June 29, 2023

Reimagining Global Operating Models: Steps Multi-Country Organizations Are Taking to Advance Equity and Shift Power Locally

Increasingly, international organizations working in the Global South (often with origins in the Global North) are reflecting on how they may be contributing to a concentration of resources and power. They are asking what it means to center equity in their operating models. Here, we capture the experiences of a number of organizations as they examine the way they work and are organized, with a view toward shifting more power and resourcing closer to where on-the-ground impact happens.

By: Danielle Berfond, Chanda Jain, Jasleen Kaur, Thabo Matshego, Roger Thompson, Karishma Uberoi, Donald Yeh

Executive Summary

Global organizations are increasingly engaging in difficult conversations about shifting power and resourcing from capital-rich places like New York or London to local organizations and people, who hold a wealth of lived experience and cultural knowledge, along with deep relationships in communities. Some call this shift “localization.” Others view it as “decolonizing” development. At the core, this is about yielding power to communities. And most agree that change, whatever it is called, has a long way to go.

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Those who recognize the need for change have more questions than answers. A growing number have come to The Bridgespan Group in search of practical advice about re-examining their cross-country operating models. Hence, we initiated a research project to better understand how global organizations have taken steps to shift power and decision making and what they are learning. All reflected on the complex nature of the problem and expressed they were on a long journey with a lot more hard work ahead of them. We spoke with more than 70 individuals at 35 organizations, some large and well-established with operations in multiple countries, and others relatively new with smaller footprints. Most, but not all, have their origins in the Global North.

Download a conversation starter to learn more about Bridgespan's operating model framework, including choice points and key equity considerations to guide organizations as they consider how to align their operating models with goals around power and equity.

Top of mind for many organizations was a fundamental—even existential—question about why they even have a global strategy. What is the value of operating across geographies? Could they accomplish more by elevating other actors already on the scene rather than doing the work themselves? Do they risk unintended harm by competing with local organizations for talent and financial resources?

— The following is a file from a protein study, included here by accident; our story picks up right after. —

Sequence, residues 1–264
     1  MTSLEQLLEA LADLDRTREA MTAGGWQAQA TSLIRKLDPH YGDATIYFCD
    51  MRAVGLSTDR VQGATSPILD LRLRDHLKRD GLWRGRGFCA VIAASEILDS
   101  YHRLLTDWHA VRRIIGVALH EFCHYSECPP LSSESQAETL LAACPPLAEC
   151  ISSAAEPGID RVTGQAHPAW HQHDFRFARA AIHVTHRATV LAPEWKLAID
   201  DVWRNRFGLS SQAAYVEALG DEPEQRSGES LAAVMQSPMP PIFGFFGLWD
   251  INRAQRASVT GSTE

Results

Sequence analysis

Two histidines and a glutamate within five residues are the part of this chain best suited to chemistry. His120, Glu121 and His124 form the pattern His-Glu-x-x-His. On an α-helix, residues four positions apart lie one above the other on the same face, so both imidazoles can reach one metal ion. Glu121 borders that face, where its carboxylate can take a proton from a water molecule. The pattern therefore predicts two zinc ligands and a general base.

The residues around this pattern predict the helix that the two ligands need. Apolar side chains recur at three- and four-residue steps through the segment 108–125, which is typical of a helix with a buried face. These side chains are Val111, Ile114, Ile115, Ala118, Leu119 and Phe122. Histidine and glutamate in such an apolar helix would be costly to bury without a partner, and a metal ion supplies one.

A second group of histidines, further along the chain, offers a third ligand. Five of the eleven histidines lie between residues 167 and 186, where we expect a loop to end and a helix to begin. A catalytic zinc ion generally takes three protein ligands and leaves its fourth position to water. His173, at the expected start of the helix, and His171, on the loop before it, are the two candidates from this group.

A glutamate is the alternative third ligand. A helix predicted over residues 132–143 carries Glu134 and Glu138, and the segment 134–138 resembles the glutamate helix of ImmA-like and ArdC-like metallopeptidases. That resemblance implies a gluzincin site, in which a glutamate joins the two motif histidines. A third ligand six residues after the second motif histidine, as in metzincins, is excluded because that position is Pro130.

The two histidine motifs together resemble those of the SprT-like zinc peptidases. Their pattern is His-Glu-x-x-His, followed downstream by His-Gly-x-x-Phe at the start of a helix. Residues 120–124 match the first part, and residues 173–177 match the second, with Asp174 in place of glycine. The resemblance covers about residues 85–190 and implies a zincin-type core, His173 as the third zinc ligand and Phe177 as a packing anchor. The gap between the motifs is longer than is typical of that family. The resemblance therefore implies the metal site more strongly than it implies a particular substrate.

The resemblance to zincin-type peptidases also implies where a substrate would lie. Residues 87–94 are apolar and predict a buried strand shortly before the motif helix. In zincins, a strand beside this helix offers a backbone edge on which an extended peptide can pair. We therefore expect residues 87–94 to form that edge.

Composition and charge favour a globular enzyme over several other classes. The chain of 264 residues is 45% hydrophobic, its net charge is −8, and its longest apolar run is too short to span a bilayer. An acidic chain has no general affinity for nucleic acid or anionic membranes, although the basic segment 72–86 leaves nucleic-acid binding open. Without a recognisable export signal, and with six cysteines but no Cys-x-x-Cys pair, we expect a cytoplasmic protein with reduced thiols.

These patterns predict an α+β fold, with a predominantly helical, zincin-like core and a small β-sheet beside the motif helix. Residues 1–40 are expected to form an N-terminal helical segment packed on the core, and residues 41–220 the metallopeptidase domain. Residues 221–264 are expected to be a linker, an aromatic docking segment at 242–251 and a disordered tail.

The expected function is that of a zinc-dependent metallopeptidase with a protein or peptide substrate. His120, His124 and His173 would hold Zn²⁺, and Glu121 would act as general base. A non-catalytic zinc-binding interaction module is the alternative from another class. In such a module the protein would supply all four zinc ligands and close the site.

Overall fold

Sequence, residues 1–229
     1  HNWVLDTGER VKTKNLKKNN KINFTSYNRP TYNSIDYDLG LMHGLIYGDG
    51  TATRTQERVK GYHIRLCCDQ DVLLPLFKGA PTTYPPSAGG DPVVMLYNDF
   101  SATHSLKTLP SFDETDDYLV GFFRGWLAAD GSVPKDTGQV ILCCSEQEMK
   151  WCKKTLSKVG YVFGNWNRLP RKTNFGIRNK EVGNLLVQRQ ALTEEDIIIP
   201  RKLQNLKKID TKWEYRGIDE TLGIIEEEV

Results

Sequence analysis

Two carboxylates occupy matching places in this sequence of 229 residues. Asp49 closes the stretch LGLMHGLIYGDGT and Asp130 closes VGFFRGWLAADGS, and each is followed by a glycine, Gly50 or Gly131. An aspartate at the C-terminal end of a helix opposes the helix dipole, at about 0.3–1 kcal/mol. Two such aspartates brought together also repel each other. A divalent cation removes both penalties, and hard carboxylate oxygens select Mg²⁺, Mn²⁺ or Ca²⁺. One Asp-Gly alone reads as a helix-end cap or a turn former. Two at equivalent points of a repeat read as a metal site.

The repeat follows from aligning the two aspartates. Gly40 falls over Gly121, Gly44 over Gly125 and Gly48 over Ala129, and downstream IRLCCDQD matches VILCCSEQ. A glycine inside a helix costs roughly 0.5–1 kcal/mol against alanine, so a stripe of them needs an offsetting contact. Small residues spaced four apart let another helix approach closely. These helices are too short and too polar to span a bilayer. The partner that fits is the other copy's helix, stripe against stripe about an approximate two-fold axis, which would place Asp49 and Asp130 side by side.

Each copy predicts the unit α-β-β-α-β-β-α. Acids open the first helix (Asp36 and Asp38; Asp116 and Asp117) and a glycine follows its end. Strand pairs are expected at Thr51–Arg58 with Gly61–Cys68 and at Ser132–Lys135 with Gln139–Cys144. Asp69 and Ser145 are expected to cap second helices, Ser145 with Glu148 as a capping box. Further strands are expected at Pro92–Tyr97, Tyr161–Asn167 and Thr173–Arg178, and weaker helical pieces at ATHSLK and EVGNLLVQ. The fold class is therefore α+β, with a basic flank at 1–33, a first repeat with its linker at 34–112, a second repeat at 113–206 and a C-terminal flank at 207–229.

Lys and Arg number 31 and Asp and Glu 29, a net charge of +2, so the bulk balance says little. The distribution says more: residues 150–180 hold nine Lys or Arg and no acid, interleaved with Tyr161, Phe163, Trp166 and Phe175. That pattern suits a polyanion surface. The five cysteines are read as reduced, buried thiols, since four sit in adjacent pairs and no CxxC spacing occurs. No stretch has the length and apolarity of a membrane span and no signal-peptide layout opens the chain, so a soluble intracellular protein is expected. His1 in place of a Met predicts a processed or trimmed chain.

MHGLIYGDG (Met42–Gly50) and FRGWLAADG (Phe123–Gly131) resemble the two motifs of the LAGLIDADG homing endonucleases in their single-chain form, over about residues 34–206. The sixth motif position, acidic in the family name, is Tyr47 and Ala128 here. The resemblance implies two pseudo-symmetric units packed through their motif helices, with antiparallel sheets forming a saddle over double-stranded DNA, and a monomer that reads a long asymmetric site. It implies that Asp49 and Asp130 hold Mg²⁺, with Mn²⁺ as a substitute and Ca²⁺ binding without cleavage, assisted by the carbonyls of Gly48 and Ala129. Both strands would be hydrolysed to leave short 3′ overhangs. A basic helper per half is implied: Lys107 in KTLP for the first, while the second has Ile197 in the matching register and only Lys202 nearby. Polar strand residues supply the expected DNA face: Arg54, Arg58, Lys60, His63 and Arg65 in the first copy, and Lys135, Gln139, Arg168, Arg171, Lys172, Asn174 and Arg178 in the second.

By affirming their commitment to global operations, funders and global nonprofits face another set of complicated questions, such as: What’s the right balance of power between headquarters and the organizations delivering services? How are resources allocated? Who makes those decisions? How can local voices be brought into decision making? How are salaries set for local organizations? These are the kinds of questions about an organization’s global operating model that individually and collectively can either advance or hinder equity.

For organizations that are truly serious about advancing equity in their global operating models, answering questions like these does not lead just to box-ticking exercises. Rather, it is part of an authentic desire to change, informed by deep reflection on the organization’s legacy and what values will guide it moving forward. There is an openness to listening, learning, and making radical changes, including those prioritized by local voices. It will make some leaders uncomfortable.

From our interviews, we distilled five trends in practice that attempt to address these issues around power, resources, and equity. We describe each by drawing on the experiences of more than a dozen nonprofits and funders:

  1. Redefine the role of the “center” to shift power to local teams
  2. Move central roles closer to the work
  3. Elevate local voices in decision making
  4. Invest in global and local equity capabilities
  5. Build equitable employee experiences

Most of the organizations we cite are early in their transformational journeys and have not yet been able to assess the impact of changes for local communities or on their organizations. The sector remains in learning mode, trying to understand whether changes in global organizations can achieve desired outcomes.

Along the way, we heard feedback on the potential harm of highlighting the efforts of global organizations to shift their practices. The concern centered on taking attention away from the need to fund local organizations and leaders. Ultimately, we decided to publish this report because we believe both pathways to improvement are important—that significantly more funding should flow to local organizations and that global organizations should revisit their strategies and shift how they operate.

Every organization going through such a journey will grapple with what it means for them. Our hope is that this report helps global organizations take substantive steps that shift power and center equity on the long journey toward true transformation.

Download “Reimagining Global Operating Models: Choice Points and Key Equity Considerations”

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The Bridgespan Group would like to thank the JPB Foundation for its generous and ongoing support of our knowledge creation and sharing work.